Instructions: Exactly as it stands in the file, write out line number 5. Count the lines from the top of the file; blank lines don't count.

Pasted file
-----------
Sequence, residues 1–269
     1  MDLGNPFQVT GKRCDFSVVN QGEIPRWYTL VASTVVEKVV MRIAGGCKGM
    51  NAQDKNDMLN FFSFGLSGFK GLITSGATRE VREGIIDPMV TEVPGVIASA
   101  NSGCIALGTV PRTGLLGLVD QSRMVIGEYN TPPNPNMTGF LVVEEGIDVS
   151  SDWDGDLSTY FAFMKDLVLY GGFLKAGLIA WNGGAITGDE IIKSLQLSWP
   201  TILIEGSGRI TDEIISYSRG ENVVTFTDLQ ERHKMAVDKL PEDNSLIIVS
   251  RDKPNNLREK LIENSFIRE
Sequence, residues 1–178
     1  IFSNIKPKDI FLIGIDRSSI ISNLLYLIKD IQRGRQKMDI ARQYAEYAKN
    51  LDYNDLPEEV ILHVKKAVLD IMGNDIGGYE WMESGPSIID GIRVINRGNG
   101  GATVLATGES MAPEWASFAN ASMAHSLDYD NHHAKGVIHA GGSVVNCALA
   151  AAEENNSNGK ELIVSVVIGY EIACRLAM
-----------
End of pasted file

   151  SDWDGDLSTY FAFMKDLVLY GGFLKAGLIA WNGGAITGDE IIKSLQLSWP